Health Care, Insurance Companies, Antitrust Laws, and Obamacare

My dad, Jack Goldstein MD, wrote a decent article on healthcare, antitrust laws, and insurance companies, which you can read here. I thought I should share it and add some background information. He also wrote a petition on about the same issues.

For background, US antitrust laws are federal and state laws, which regulate corporations to promote fair competition in the marketplace. They can prevent monopolies from forming and benefit consumers. However, antitrust laws as they are currently written affect physicians much differently. They essentially make certain types of cooperation within the medical community nearly impossible by criminalizing discussion between physicians on how much money they make. Of course, there is much more to cooperation than just discussing pricing, but this is significant because this lack of transparency surrounding doctor’s wages allows insurance companies to pay certain doctors different amounts for doing the same procedures. This defeats the entire purpose of antitrust law. In a similar sense, insurance companies also dictate the paths of patients by deciding how much to cover and what not to cover at all. One part of the article I disagree with is his mention of Sweden’s healthcare. They do have excellent healthcare, and health care costs are actually lower there too.  Healthcare costs to cover everyone in Sweden amount to about 9% of their GDP.Total_health_expenditure_per_capita,_US_Dollars_PPP_(alt)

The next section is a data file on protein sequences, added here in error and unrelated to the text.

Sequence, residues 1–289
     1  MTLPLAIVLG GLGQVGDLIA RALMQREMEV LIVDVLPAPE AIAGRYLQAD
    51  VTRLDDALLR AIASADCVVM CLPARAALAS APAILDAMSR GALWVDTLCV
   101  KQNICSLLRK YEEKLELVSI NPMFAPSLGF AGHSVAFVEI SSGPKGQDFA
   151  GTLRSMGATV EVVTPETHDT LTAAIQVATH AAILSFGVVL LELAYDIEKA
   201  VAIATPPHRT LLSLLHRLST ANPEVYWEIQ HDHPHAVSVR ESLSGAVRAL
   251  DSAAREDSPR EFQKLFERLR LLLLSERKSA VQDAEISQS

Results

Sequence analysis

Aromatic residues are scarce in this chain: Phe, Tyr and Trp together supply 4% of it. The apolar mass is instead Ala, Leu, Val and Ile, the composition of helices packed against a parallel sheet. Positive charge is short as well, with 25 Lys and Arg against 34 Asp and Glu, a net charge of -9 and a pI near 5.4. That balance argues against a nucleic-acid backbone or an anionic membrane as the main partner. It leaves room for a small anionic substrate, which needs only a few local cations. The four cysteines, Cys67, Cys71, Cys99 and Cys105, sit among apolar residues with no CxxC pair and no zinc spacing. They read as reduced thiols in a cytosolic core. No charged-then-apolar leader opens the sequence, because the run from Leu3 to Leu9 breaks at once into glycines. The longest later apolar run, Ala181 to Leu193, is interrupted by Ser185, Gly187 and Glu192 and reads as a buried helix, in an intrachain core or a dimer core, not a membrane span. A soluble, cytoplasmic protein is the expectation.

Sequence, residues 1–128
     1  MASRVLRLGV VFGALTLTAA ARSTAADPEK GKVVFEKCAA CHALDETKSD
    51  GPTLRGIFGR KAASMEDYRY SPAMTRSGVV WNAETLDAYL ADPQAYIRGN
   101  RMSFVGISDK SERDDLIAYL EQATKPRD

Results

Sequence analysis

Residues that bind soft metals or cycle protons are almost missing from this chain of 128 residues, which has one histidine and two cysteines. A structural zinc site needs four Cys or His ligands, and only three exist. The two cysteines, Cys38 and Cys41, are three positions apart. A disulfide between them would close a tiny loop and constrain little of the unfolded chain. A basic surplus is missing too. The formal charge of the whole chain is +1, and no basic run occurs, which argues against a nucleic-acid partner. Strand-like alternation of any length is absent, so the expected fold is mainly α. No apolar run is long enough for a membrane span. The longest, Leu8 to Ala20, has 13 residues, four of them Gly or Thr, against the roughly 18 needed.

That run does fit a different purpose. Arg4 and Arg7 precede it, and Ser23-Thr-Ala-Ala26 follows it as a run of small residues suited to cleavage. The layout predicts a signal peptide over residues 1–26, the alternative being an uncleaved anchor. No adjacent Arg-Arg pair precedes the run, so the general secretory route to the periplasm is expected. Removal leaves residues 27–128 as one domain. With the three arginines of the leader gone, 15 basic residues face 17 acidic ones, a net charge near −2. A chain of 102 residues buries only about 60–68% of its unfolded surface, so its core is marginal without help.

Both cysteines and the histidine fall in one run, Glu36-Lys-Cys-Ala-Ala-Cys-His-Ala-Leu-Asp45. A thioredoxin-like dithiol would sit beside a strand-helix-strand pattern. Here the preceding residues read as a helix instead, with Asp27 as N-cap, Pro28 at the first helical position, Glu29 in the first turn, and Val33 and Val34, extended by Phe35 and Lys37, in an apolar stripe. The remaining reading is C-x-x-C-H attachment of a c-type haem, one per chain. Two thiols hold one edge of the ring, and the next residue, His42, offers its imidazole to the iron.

While the Affordable Healthcare Act has covered more individuals, and it has likely helped some, it doesn’t insure everyone, and it doesn’t establish healthcare as a right, which is most important. The Act mandates everyone must have health insurance or face a financial penalty, which is a crony capitalist gift to the insurance industry and an unfair burden on those who don’t qualify for free Medicaid / Medicaid but can’t afford private medical insurance.  Health insurance itself is an issue as it doesn’t guarantee healthcare. It only guarantees the right to file claims, wait an unreasonable amount of time, suffer complications from our worsening conditions and eventually have our claims denied most likely.

Owners of large, for-profit hospitals and insurance companies only care about profits, for the most part, and this is the major reason healthcare is a disaster in America. Large insurance companies (of all kinds) don’t want to pay when someone files a legitimate claim. They along with the owners of large for-profit hospitals also don’t want to pay doctors for doing hard work, so doctors often struggle to provide good, timely care and many patients struggle to get it. Some noble doctors provide free care out of compassion but doing so can be financially untenable for doctors and many people still die in this system that leaves many out.

I think the reason we have had such difficulty getting to a single payer system in America is that the US government doesn’t want to use our tax money to pay for it, even though most Americans support it. And major American medical insurance companies don’t want it because it would put them out of business. America’s healthcare is expensive and in bad shape because of greed, not among the majority of doctors, (although there are certainly some) but among owners of large for-profit insurance companies, big pharmaceutical companies, large hospitals, and corrupt politicians who collude with them and ensure they are fairly unregulated. But there are solutions and rewriting antitrust laws in America would be a realistic, achievable reform, as we work towards a single-payer system that provides everyone with healthcare. So long as we have governments that tax (extort) us, tax money ought to go to social services like healthcare and not punitive services like prison, war, and policing. But healthcare could be established as a right without any government by collectivizing hospitals and trading hospital services for other goods and services.

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